View of country fields, outside Nice, Henri Matisse

Here, below, is a photograph of the 17th-century Genoese villa now reinvented as the Matisse Museum, which is in Cimiez, a once-upon-a-time bourgeois neighbourhood of Nice, inland up behind the coastal strip of the city. It houses a permanent Matisse exhibition as well as offering a range of other exhibitions throughout the year.
Henri Matisse lived in Cimiez at the Regina building from 1938 onwards. (He first arrived in Nice in 1917). He is buried with his wife in the cemetery of Monastère Notre Dame de Cimiez.  So, it is fitting that this grand property in Cimiez is dedicated to his work and life as an artist.

(A little aside here: The Regina building was constructed for Queen Victoria who adored the French Riviera and wintered in Nice between 1897 and 1899). In its heyday the Regina was considered one of the most glamorous buildings along this coast. Matisse lived in on the third floor.

Nice, as the capital of the French Riviera, has also been known as the Hollywood of France. Not only because it offers sunshine and palm trees but because it has been the location where several French cinema masterpieces were produced.

Entrance to La Victorine Studios.

In 1919, to compete with Paris as a major European filmmaking hub and to compete with Hollywood, a city also set on the coast and blessed with a sublime climate, the Victorine studios were conceived. These studios and the city of Nice have played an important role in French filmmaking. Since its inception, more than eight hundred films have been shot out of La Victorine. Amongst the stars who have worked here can be counted Jeanne Moreau, Brigitte Bardot, Grace Kelly, Cary Grant,  David Niven, Michael Caine, Catherine Deneuve and Lauren Bacall, to name but a few. David Lean died at the Victorine during pre-production of his last and never-completed film, Nostromo.

During WWII, when France was partially occupied by the Germans, this area, because it was in the Free Zone, became even more attractive to filmmakers. Many of the artists who could not work freely under the scrutiny of the Nazis fled to the south. Here, they were at liberty to make films. After WWII, since 1946 when Cannes held its inaugural world-renowned film festival, this region has attracted many of the greatest names in world cinema.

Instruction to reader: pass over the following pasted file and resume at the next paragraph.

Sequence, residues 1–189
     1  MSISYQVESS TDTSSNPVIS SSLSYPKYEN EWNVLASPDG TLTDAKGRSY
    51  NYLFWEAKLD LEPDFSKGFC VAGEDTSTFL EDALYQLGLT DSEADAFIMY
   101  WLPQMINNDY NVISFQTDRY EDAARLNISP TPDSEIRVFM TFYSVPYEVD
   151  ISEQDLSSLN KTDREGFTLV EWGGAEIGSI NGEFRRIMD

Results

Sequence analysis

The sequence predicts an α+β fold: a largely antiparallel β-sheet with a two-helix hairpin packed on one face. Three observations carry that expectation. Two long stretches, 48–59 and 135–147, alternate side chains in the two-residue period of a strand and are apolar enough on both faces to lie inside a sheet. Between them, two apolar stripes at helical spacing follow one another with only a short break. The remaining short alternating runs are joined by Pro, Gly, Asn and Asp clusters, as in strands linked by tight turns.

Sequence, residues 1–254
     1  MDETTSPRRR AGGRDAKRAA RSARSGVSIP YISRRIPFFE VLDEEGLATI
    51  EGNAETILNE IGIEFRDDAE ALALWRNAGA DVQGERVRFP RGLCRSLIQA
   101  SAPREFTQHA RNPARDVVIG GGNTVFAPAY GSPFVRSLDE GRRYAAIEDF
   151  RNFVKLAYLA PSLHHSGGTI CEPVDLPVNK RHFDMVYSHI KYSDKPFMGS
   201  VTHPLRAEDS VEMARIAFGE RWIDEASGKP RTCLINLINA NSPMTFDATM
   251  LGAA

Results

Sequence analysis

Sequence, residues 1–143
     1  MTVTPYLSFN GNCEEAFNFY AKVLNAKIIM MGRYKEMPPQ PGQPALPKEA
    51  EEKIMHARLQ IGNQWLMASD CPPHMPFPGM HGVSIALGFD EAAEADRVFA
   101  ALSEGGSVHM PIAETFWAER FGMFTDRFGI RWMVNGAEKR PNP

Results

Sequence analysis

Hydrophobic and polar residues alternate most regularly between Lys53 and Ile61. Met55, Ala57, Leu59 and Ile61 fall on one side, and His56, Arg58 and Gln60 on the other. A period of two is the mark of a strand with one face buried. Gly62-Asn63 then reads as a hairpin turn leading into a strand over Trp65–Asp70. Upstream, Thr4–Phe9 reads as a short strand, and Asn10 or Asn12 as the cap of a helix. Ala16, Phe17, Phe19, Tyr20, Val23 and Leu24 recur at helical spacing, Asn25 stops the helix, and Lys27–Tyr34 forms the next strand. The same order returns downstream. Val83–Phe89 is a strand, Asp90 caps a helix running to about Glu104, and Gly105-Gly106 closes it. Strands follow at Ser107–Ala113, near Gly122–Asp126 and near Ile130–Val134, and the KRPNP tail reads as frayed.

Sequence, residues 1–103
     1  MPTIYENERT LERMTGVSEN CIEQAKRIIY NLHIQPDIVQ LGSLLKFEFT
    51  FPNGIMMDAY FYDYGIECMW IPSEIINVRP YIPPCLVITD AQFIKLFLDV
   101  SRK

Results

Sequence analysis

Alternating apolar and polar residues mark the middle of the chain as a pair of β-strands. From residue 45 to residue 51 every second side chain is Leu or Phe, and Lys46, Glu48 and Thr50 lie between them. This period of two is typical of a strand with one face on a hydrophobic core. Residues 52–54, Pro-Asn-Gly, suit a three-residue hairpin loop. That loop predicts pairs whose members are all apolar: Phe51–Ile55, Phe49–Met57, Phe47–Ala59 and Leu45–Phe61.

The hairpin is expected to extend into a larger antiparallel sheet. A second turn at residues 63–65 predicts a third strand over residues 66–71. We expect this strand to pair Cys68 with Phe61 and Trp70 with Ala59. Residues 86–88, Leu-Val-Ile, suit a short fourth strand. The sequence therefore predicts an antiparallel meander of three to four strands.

Poster for the first Cannes Film festival

(I even auditioned myself for a film shot here. Day for Night or La Nuit Americaine directed by François Truffaut, meeting the great man in London.)

Les Enfants du Paradis, signed by Michel Carné, To Catch a Thief, directed by Alfred Hitchock, were both shot here during the studio's golden age.

From 1975 to 1983, while Nice was under the governance of the notoriously corrupt mayor, Jean Médicine, the studios began to fall into decline, or rather its reputation became muddied with stories of local corruption, Mafia interference, neglect. Mid-eighties, the studios were sold to actor Michael Douglas and his brother, Joel, who came away from the experience with little to show on their production belt. From thereon, the studios knew several proprietors but little glory. The place was used as the base for high-budget commercials shot here but not much was made that could be considered quality cinema. In 2017, rather than continue to watch this decline, the city of Nice bought the studios, returned to it its original name of 'Victorine' and this year celebrates its first centenary with an eye, we hope, to better times ahead.

It is not surprising, given a century and more of filmmakers and artists congregating along this coastline, that the work of one influenced the other. Famously, there have been exhibitions - an excellent one I went to at the Tate Modern in London charting the influences of Picasso and Matisse on one another's work. They lived a few kilometres from one another, were friends and friendly rivals.

We have this drawing above our bed. Picasso, 1952. 

I had at first mistaken it for a Matisse.

                                                 Henri Matisse

There have been many articles and books written, also exhibitions, such as the Matisse Picasso I saw at the Tate Modern in 2002, all concentrating on the influence the artists of the Côte d'Azur have had on one another. Or the influence this famous light we are bathed in down here on a daily basis even now in mid-winter, has had on so many of their works. However, I think the influence the septième art, the seventh art, cinema, has had on the French Riviera artists is a new angle.

La Nouvelle Vague of French cinema which included directors such as Truffaut, Rohmer, Godard, Jaques Demy, Agnes Varda (who died this year) cited Henri Matisse as one of the important influences of their work.

Matisse was an avid cinema-goer. Now, the city of Nice in a fascinating exhibition looks at how film images have influenced Henri Matisse and his work.